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learn how to fly fish with guide bow river

Discover Fly Fishing Lessons for Beginners in Alberta

By Scott Smith, Lead Fishing Guide 

Welcome to Fly Fishing!

Snake Oil and Magic Beans.

You’ll learn to wave the magic stick over the water and produce fish on every command. You will be flawless in your technique; always make the right fly choice and land every fish you encounter. Your skills will bring fish to your net every time you venture out to your favourite waters.

The truth lies somewhere in the pursuit of perfection, the peace it brings, the need to know what’s around the next corner.  At least that’s why I do it. Your reasons can be entirely something else. Somehow, that makes Fly Fishing a worthy pastime (read obsession) in my opinion.

There are some links included below, so you can explore some of the technical stuff. I can tell you, there is nothing like the real experience of a guided fly fishing excursion!

What Will I Learn on a Guided Trip?

Above all else, Have some fun! This is YOUR Day! Don’t take yourself, or us too seriously. Take lots of pictures.

learn how to tie flies for fly fishing on the Bow River in Alberta.

Fly Fishing Knots and Line

It seems obvious, but often overlooked by new fly fishers. Knots are critical.

Read this great blog post from DriftHook.com about how to tie fly fishing knots.

You’ll need to have a few basic knots in your tool belt. We’ll show you a few basics to tie line together and attach your flies to your line. Yes, you will practice these on your trip.

You can learn about specific knots like the improved clinch knot, blood knot, overhand knot, surgeon’s knot and the albright knot.

Many a fine trout has been lost due to a poorly tied knot. It’s never happened to me, but I’ve heard stories.

There are several knots that have no name, but often have colourful adjectives associated with them. You will become an expert at these with a simple flick of your wrist! The line will be tangled so badly and quickly, you’ll be baffled that what’s before you is actually even real!

I find a sense of humour and a decent set of snippers are critical in these situations.

Learn Fly Casting

You must be able to place a fly well enough to fool your quarry. Yes, we can help you do this!

Your first few casts may appear you are trying to swat the fish away intentionally. However, with some practice and some easy-to-follow instruction, you will begin to present the fly with hypnotic precision! Well, maybe not hypnotic or even precise, but well enough to catch fish. That’s all we need on day one!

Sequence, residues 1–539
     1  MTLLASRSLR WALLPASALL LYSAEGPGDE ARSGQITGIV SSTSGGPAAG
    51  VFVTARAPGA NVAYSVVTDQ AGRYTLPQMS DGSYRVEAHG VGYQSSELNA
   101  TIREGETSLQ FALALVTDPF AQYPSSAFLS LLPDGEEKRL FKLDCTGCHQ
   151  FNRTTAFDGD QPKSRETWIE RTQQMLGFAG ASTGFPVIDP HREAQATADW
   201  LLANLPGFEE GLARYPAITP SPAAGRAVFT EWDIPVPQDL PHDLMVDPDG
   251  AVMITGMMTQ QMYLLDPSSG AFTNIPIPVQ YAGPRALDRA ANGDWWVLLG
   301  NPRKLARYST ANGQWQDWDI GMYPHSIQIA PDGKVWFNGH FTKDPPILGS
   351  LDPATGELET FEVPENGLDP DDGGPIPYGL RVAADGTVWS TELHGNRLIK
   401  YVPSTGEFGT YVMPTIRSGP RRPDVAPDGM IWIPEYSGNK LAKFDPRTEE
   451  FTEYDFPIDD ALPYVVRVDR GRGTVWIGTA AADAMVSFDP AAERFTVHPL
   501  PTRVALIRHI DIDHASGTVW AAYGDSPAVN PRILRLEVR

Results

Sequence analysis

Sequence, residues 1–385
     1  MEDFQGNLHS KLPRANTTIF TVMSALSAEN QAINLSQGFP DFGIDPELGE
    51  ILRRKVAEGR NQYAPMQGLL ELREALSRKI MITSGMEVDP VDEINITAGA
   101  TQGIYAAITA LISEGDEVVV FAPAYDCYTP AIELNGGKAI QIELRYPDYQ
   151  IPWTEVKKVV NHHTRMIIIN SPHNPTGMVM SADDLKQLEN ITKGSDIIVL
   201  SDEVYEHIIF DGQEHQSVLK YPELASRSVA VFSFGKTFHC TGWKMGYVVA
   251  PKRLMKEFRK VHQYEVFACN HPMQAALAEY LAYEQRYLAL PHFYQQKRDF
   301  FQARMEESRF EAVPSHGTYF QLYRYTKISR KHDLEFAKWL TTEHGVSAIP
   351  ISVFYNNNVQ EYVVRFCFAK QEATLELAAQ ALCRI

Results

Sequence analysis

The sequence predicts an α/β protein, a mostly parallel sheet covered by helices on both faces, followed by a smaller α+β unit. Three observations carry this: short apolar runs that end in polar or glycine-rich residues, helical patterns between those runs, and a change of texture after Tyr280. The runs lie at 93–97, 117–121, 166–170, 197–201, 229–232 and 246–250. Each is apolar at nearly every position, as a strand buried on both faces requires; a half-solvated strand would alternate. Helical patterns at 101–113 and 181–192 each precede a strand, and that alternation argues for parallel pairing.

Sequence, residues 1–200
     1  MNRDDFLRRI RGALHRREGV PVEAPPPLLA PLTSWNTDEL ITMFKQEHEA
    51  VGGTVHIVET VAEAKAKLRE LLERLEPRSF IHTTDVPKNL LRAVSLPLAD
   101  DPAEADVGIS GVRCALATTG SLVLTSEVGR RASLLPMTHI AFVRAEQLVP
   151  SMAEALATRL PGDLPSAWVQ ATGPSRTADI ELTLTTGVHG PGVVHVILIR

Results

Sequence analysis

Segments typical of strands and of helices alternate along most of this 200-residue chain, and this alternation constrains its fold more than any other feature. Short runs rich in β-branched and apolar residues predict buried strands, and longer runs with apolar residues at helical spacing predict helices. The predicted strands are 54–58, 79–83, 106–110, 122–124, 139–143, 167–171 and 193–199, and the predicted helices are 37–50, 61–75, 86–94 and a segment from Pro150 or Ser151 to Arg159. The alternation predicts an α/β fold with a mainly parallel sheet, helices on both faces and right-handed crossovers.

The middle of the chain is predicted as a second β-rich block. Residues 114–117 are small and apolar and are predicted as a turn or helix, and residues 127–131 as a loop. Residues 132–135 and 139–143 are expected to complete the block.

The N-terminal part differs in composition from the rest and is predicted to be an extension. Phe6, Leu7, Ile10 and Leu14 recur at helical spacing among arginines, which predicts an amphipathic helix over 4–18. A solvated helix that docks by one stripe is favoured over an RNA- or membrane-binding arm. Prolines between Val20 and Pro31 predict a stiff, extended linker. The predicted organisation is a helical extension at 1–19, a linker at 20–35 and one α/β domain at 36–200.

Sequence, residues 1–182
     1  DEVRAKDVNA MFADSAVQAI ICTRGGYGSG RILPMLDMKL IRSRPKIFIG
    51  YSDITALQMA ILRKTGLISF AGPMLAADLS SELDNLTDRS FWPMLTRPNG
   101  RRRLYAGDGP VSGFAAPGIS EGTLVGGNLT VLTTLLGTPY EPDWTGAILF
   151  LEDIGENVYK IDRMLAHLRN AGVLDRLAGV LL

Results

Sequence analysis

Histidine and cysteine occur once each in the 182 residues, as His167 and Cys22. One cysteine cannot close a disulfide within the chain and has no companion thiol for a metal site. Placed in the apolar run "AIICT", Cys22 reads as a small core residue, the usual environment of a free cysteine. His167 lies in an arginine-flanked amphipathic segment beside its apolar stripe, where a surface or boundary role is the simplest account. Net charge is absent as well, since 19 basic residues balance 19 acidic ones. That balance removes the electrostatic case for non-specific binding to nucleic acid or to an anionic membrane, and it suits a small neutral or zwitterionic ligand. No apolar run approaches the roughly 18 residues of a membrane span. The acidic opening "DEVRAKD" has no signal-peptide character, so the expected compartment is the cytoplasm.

Where Are the Fish?

Yes, you are moving the line. It’s obeying and landing mostly where you want it to.  Well done! This is fantastic news and a boost to our confidence! Question, how come you’re not catching anything?

Other than seeing the fish you are casting to; you really need to know how to read the water. That is, you need to know where fish are likely to hold.

Fly casting into the water is an excellent start, but the fish are not actually everywhere in a river.

We will go through this process with you the entire trip and teach you the basics. You will be whispering in big trout in no time!

Bugs, So Many Bugs

Yes, Fly selection is important. Size, Colour, Profile, depth, season etc.

I have heard it or read somewhere that trout have an IQ of about 3.

I am not at all concerned that they fool me consistently. I like to believe I’m matching wits with Mother Nature and not just the small minded, single purposed trout. Yeah, Mother Nature is wise and I’m in sync with her.  Makes me feel better on those slow days.

You’re gonna need plenty of flies! I mean, the rainbow trout will eat one of them, right?

Learn more about which bugs Bow River Trout love and prefer throughout the season on our fly fishing resources page.

We will cover bug identification, selection and how to fish them in very basic terms. This will be enough to get you started on your journey.

fly fishing lessons for beginners

 Join Us this Fly Fishing Season near Calgary, Alberta!

Our goal is to introduce you to a pastime that has become a lifelong pursuit for us. We want you to learn to fish and then leave us and see for yourself what’s around the next corner. Oh, and take your fly rod with you.

Book your spot for one of our guided fly fishing trips including our Beginners Float! Get one-on-one fishing lessons from one of our experienced guides and enjoy access to some of the best fishing spots in Alberta.

learn how to fly fish with guide bow river

Fly Fishing Lessons and More!

We offer a variety of fly fishing packages from half day and evening adventures to full day excursions, private shoreline fishing lessons.

We can even put the flies aside and take you on a Bow River sight seeing adventure, where you can experience the beauty of the Bow Valley and Southern Alberta, for its majestic landscapes in the foothills of the Rocky Mountains and all of its wildlife.

Learning to Fly Fish on the Bow River could be your next adventure. If so, we’d love to see you. And as always, if you have any questions about our guide services, feel free to contact us here or on social media.

bow river fly fishing landed trout

Bow River Adventure #64 – The Shoe-less Trout Story

By Scott Smith, Fishing Guide

Great trout fishing days are plenty, but great fishing moments are where stories are born, exaggerated and become “mostly” true the more they are told.